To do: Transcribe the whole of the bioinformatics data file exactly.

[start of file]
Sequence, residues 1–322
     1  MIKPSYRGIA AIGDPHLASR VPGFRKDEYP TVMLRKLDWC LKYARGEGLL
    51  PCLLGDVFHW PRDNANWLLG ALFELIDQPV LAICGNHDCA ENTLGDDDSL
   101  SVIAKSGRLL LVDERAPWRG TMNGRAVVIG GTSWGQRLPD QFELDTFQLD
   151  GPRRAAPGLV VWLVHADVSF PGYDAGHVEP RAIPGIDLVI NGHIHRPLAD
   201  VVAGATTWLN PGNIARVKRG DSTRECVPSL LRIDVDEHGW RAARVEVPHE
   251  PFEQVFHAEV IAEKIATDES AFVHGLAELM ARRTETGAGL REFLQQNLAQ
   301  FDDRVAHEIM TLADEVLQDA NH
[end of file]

Sequence, residues 1–322
     1  MIKPSYRGIA AIGDPHLASR VPGFRKDEYP TVMLRKLDWC LKYARGEGLL
    51  PCLLGDVFHW PRDNANWLLG ALFELIDQPV LAICGNHDCA ENTLGDDDSL
   101  SVIAKSGRLL LVDERAPWRG TMNGRAVVIG GTSWGQRLPD QFELDTFQLD
   151  GPRRAAPGLV VWLVHADVSF PGYDAGHVEP RAIPGIDLVI NGHIHRPLAD
   201  VVAGATTWLN PGNIARVKRG DSTRECVPSL LRIDVDEHGW RAARVEVPHE
   251  PFEQVFHAEV IAEKIATDES AFVHGLAELM ARRTETGAGL REFLQQNLAQ
   301  FDDRVAHEIM TLADEVLQDA NH